We liked the public transport in Stockholm, it was on time and the network was quite easy to understand. It did take a moment to get used to the different platforms, sometimes you had to go down, walk all the way across the next platform and then you were able to go down to another platform. It is best to buy a card and be able to travel with public transport freely (like the Oyster card in London), in Sweden the card is called SL-Acces-kort. Next, we bought a 72-hours-ticket, so we could travel freely in Stockholm the whole weekend we were there. It is quite pricy to buy the 72-hours-ticket; however, single tickets were also expensive and this way you will just freely use the public transport and not consider every journey. The beauty about this card is you can take the metro, train, bus or ferry. Lastly, there is no expiration date on the card; so you can just reuse it on any next trip or lend out to your friends.
Friday, we went with the Tunnelbana (metro) and took off at the stop T-Centralen. This is a perfect area for shopping, you could kind of call it centrum. Difficult thing about Stockholm is it doesn’t have just one centre. All the islands make up the centre and they all have a different function. When you exit the T-Centralen metro you almost step into the department store Åhlens. Especially with Christmas on its way and Black Friday going on it is quite crowded. After walking through the Åhlens, which has a bigger design department than most department stores we know, we walked into other shopping streets. It was nice to experience walking from shopping street into another department store and then into another department store. Very nice when it is cold to be able to be inside so much.
14,000 steps further, long live my Fitbit, we were quitedone for the day. We spent the evening nicely in our hotel. We stayed in the Story Hotel near Sandbyberg. The space in the hotel room was small and theshower would wet the whole bathroom. Further the hotel was nice, simple tastybreakfast and a comfortable bed. We were on top of a hamburger place, Swedeslove their hamburgers, you can really buy them everywhere. Phil’s burger wasavailable as room service, however, I didn’t mind going down and save 75 SEK.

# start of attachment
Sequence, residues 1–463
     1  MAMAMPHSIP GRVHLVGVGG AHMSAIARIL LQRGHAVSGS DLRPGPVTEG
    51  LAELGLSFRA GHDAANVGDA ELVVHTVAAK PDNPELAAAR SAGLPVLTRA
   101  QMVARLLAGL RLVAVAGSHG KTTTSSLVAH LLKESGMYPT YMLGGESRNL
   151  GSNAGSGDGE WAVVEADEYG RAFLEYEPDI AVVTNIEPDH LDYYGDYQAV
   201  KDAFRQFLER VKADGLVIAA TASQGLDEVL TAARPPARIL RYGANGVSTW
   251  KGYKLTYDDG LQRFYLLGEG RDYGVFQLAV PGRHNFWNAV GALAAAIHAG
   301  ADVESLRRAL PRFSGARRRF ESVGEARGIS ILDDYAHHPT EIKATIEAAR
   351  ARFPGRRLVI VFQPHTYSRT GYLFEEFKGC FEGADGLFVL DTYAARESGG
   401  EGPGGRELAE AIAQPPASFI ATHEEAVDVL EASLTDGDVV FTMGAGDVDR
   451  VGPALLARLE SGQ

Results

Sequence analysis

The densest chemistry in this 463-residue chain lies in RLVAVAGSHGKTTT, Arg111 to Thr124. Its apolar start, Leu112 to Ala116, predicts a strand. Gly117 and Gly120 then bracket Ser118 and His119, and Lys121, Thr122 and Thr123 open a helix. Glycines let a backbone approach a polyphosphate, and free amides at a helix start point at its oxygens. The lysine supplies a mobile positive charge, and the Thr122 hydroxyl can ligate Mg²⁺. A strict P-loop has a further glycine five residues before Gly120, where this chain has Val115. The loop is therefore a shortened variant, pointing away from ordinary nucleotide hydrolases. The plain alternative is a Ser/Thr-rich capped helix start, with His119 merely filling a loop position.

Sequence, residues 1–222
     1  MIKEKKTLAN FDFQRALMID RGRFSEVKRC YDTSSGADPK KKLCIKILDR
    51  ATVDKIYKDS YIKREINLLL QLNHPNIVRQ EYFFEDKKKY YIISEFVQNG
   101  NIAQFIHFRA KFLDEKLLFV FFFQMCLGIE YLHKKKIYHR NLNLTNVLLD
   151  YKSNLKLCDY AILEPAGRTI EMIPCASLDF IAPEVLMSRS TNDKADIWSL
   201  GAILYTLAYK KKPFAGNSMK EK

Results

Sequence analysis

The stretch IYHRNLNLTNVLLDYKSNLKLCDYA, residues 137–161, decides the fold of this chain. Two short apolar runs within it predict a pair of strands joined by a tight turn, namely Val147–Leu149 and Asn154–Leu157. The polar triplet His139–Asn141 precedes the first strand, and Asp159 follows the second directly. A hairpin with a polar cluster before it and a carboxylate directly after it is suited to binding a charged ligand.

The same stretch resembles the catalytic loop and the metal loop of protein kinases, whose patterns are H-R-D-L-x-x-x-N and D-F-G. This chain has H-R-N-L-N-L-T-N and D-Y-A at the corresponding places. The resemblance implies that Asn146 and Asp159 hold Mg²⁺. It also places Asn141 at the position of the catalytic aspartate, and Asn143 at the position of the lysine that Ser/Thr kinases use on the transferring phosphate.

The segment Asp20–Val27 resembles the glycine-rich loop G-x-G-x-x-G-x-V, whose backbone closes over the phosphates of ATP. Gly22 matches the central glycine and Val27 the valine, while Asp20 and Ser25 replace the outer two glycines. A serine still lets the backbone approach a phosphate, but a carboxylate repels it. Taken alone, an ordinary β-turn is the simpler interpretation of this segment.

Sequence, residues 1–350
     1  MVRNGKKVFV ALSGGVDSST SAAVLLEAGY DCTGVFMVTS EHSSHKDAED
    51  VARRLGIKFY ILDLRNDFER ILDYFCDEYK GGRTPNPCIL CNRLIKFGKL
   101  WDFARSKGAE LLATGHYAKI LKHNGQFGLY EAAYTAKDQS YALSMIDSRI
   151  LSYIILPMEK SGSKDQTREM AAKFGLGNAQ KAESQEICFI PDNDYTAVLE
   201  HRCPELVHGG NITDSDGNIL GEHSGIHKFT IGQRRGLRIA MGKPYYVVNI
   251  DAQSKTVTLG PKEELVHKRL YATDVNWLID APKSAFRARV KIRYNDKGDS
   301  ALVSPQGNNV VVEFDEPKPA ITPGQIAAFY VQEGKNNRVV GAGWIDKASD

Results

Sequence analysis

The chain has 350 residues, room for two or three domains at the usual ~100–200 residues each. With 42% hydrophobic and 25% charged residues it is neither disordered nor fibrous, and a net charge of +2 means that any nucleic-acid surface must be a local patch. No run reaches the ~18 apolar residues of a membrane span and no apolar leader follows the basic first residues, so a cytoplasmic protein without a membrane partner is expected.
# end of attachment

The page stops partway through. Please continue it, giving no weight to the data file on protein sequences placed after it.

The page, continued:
Another fun fact about Sweden, is that in supermarkets you can only buy drinks up to 3,5% alcohol otherwise you must go to the Systembolaget to buy alcohol. These shops are exploited by the government. It really looks like a supermarket; you can take a cart and fill it up. Nice detail are the price tags; you can read the country of origin of the drink. The shops are open from Monday until Friday between 10 am and 6 pm; on Saturday the shop opens only from 10 am until 1 pm. We went at 11 am to buy a drink to enjoy later in the hotel room. Alcohol in restaurants is according to our standards quite high. It was quite crowded for such an early time of the day.
For Saturday I had another great idea; online I saw an open-air museum which also has a Christmas market this time of the year – Skansen -. It sounded awesome, love Christmas, love culture. I love everything surrounding Christmas and anything that has to do with learning cultural things.
Due to the Christmas market many people had come to the park, ‘luckily for us’ they came when we were about to leave. We came at 10.30 in the morning; a perfect time and not too crowded. We were done with the park after half a day. However, you could very well spend the whole day there. Nice to know is that, there were more Swedish tourists than foreigners. In this period many houses in the park are ‘inhabited’. One of the houses we visited was a school from 1910. Nice to see old photos and materials used in teaching at the time. Besides that we were able to ask the ‘school teacher’ nice things about that time; the people in the houses were like guides and knew a lot about the history of old Sweden. Did you know for example in Sweden compulsory education has been introduced in 1920. It was compulsory for boys and girls between the age of 7 and 12. Next, we went into a house where they played music. There was a violin-kind-of-instrument, it originated from the 17th century and has been restored to be played again.